Housing Market Update By Ummar Hanif
posted on: 24th April 2023 / category: Uncategorised / posted by: UKDC
- Average UK property prices have increased by 0.2% to £366,247 in the month of April.
- The annual rate of increase was a modest 1.2%
- Value of first-time buyer homes hits record high
- The market has also seen sellers lowering their expectations to reflect economic reality
UKDC has seen that, despite economic and political turbulence, the UK’s property market has performed well in April, which we believe in part was down to the stabilising of mortgage rates and more realistic pricing by agents and vendors.
The average price of property listed by UK estate agents in April increased by 0.2% – or £890 – compared to the previous month, as traditionally more people put their houses up on the market at Spring time.
The rise is notably less than the 1.2% typically seen at this time of year, and marks a smaller monthly rise than the 0.8% recorded in March. However, it says sellers are pricing realistically to tempt seasonal buyers.
Rises have been recorded in all regions across the UK this month, with the exception of London and the North East which have seen falls of 0.5% and 0.1% respectively. Scotland posted the biggest monthly rise at 3.2%.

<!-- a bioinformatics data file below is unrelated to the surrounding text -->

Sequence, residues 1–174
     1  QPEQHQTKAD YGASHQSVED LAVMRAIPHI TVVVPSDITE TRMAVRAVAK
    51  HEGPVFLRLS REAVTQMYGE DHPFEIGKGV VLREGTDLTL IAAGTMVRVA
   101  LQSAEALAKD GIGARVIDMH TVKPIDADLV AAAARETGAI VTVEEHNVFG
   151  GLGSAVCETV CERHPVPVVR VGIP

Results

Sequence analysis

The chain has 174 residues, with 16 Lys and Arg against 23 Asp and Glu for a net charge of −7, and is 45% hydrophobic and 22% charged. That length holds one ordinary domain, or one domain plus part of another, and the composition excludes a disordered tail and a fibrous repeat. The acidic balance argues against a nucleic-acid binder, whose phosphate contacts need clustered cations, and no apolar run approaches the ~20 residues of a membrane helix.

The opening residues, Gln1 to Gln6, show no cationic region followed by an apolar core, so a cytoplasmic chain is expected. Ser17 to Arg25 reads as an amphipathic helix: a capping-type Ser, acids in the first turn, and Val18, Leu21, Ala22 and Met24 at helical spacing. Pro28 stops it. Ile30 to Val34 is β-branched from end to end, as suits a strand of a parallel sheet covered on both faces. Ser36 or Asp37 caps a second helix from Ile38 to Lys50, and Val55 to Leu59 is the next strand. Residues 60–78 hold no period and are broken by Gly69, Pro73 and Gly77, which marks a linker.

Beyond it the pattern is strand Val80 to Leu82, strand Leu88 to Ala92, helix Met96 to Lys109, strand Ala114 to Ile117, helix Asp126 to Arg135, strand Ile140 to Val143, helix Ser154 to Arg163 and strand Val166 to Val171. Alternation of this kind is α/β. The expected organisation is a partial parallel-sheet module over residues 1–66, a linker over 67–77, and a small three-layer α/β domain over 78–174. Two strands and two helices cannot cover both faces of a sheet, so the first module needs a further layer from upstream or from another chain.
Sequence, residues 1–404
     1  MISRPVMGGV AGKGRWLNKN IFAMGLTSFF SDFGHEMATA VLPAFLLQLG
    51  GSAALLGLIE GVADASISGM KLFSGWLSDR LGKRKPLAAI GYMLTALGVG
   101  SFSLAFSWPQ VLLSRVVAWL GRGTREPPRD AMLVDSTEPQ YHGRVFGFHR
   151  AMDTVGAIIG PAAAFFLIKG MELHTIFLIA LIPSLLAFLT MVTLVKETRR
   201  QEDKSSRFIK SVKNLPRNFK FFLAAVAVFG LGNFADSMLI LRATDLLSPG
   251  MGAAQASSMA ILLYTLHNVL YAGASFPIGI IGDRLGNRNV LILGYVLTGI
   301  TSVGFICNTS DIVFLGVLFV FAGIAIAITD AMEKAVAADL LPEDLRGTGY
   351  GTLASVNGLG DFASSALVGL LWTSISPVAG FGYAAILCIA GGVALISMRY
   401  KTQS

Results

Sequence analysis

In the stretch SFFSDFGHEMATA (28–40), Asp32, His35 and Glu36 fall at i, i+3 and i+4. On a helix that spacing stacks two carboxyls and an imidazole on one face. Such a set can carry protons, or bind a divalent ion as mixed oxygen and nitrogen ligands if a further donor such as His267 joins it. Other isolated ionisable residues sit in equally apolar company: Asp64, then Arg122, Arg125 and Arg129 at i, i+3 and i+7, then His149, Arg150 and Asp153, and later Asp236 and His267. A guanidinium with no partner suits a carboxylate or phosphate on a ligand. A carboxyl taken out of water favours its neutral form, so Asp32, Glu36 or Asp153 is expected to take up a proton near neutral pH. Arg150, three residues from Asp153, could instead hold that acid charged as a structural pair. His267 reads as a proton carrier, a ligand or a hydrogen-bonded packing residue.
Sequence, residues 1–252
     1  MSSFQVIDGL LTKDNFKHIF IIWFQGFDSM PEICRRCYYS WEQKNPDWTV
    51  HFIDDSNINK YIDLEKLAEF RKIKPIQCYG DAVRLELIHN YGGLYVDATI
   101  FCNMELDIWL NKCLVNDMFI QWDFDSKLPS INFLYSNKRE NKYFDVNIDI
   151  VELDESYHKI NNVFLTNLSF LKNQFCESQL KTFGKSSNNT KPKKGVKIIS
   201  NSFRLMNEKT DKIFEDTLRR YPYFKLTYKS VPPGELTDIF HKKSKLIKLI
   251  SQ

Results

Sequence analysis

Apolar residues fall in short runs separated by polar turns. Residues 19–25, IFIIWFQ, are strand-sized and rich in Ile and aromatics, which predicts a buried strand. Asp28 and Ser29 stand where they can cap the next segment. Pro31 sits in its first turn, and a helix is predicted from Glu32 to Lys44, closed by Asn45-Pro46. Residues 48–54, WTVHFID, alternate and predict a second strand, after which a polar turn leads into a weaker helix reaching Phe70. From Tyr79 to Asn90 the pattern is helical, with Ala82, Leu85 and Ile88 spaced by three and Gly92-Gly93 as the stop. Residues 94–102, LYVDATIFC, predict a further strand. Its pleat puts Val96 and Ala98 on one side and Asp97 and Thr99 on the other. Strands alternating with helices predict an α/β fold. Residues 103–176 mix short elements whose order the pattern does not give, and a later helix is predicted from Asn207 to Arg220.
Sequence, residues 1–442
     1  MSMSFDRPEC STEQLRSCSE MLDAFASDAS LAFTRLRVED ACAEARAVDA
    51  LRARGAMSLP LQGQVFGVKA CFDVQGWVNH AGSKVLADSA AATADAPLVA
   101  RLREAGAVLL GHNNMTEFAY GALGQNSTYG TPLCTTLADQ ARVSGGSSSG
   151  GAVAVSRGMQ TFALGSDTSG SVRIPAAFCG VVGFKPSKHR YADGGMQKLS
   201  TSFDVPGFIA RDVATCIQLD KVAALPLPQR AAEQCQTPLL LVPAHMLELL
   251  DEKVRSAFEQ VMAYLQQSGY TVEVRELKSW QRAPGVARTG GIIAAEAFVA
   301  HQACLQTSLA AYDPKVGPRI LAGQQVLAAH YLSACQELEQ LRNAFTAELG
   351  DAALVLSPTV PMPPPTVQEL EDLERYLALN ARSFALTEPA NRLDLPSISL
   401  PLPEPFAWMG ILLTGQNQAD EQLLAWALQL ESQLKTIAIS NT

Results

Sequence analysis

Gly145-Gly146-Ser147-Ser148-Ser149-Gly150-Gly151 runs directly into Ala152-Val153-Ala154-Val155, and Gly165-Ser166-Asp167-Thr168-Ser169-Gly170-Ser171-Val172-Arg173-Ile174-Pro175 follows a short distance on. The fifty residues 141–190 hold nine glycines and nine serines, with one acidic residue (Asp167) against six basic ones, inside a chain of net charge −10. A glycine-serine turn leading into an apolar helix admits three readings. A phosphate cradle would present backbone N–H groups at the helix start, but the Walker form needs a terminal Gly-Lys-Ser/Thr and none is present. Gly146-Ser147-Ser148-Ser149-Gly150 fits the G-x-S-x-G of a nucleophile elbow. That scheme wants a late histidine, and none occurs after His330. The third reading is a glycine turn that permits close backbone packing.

The average cost of a UK home currently listed for sale now stands at £366,247, which is 1.7% higher than last year.
While the general rate of growth is slowing, average values of typical first-time-buyer homes (which are defined as two bedrooms or fewer) hit a new record high of £224,963 in April.
We believe that rocketing rents was a key motivator – for those able to clear the mortgage and deposit hurdles – to get onto the property ladder.
Mortgage costs have also stabilised from their peak of more than 6.5% following last autumn’s Budget announcements. The average cost of a ‘first-time buyer’ 5-year fixed rate mortgage with a 15% deposit now stands at 4.46%.
However, while costs have continued to edge down, the average rate for this kind of deal stood at 2.64% this time last year which represents a significant increase.
The number of sales being agreed in April suggests a healthier market than many expected. Levels are just 1% under the pre-Covid figures for March 2019, and above those seen in September before they plummeted by 21% following the Budget.
However, at 18% behind last year, agreed sales are consistent with more normal levels of market activity.
Agents have also been reporting that many sellers have transitioned out of the frenzied multi-bid market mindset of recent years and understand the new need to tempt spring buyers with a competitive price which has been reflected in the current market conditions.
The good news is that buyers and sellers appear to have adapted to and accepted the current economic and property market conditions.
This means that there are now more attractive fixed rate mortgages available providing buyers with more confidence, and there has been a noticeable increase in sales activity which in turn has seen the markets moving again.